Monday, October 12, 2020

Secrets for Dancing in Small Spaces - Tip 1

 Years of touring and traveling to perform, choreograph, teach and rehearse taught me to warm up in some strange places. Even when I give presentations, I want to feel like I am fully prepared to perform - because every presentation is a type of performance. So, I'll warm up. 

Hotel rooms, hallways, office spaces, porches, tiny dressing rooms, green rooms and backstage spaces have all been my "studio". 

Some of the lessons I've learned are particularly helpful during these strange times when dancing is limited to our isolated spaces. Folks who are able to get into a studio, while masked, still need to maintain distance in space. (Shout out to all of those studio spaces who have taken the time and effort to mark out DanceUSA's space recommendations and are super sanitizing!) 

Here are some of the things I've learned. 

Secrets for Dancing in Small Spaces - Tip 1:

Work in one plane. 

There are three anatomical planes of the body. Most dance practice moves through and engages all of these planes, but it's possible to just work in one plane.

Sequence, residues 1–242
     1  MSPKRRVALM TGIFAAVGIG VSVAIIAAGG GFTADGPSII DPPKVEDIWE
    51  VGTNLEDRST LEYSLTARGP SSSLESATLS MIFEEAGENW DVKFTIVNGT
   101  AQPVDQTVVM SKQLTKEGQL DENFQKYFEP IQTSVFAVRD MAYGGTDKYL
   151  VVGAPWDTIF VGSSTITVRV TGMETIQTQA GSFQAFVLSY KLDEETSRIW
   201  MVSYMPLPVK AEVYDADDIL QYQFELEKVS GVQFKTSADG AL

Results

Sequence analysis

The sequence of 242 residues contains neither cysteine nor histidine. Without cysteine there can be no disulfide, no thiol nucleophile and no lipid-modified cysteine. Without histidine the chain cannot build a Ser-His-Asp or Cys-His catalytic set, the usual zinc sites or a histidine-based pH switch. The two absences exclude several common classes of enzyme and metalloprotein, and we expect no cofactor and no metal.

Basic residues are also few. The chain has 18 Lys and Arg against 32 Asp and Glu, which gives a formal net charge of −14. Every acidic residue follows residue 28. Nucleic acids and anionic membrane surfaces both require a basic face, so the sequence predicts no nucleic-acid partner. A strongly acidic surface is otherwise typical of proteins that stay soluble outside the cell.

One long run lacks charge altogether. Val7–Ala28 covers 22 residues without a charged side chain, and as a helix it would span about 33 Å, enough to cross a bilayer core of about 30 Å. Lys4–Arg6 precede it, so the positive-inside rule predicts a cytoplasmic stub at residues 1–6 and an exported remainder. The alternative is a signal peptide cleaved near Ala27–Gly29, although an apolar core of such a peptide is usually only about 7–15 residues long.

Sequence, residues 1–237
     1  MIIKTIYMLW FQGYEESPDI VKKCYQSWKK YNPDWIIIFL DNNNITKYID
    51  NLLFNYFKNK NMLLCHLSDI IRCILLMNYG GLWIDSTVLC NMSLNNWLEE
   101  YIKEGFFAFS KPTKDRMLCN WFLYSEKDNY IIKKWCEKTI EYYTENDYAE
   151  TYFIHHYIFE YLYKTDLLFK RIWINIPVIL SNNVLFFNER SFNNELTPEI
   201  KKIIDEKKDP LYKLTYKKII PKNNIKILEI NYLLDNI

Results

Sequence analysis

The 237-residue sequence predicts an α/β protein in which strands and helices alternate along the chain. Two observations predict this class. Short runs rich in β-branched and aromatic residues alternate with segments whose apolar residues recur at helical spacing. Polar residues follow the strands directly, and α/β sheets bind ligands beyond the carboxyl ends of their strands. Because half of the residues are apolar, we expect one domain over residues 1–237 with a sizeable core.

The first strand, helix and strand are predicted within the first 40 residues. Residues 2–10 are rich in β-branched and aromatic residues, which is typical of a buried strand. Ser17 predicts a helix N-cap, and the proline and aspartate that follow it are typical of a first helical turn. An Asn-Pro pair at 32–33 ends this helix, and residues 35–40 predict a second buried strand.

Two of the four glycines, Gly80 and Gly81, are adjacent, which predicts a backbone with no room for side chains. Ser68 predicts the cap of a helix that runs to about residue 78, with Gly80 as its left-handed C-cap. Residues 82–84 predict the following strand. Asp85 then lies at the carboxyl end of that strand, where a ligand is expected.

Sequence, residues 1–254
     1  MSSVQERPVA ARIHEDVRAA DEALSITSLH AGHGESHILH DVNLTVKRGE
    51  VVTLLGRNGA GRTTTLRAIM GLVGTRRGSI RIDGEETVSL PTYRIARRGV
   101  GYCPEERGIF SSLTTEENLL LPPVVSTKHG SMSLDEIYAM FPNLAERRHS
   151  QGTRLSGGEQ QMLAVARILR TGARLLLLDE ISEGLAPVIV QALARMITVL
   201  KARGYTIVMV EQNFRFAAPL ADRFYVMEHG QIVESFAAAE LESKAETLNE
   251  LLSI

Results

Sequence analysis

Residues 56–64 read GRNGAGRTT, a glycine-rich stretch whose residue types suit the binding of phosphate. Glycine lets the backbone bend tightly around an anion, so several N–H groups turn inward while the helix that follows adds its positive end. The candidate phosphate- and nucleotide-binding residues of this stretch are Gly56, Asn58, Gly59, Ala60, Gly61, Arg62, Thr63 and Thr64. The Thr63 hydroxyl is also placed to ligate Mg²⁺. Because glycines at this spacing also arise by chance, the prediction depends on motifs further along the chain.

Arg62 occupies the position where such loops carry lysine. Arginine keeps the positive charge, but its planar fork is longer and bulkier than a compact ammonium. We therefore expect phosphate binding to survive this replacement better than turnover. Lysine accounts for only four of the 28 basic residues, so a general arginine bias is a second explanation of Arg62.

For example, undulations, flat backs/ tabletops, tendues/ degages, developes, fondus, grande battmonts can all be isolated in the sagittal plane (front and back). The body's facing can rotate to execute laterals, tendues/ degages, developes, fondus, grande battmonts in the coronal/ horizontal/ toaster plane (side to side). 

Strength and flexibility exercises derived from Yoga and Pilates often isolate into these planes. 

I challenge dancers to use the tools they have available to them to create warm up phrases that dance so that the body can fully warm up while engaging all of the methodologies that dance employs: joy, wellness of physical and mental bodies, strength, flexibility, movement flow, creativity, artistry, technical prowess, and whole body connectivity (among many others).  

What is a dance technique warm up that you can isolate into specific planes? Share a video of yourself moving in the comments! 

1 comment:

  1. Thank you Jessica. This interesting. Something I would never have thought of. Mike Lancaster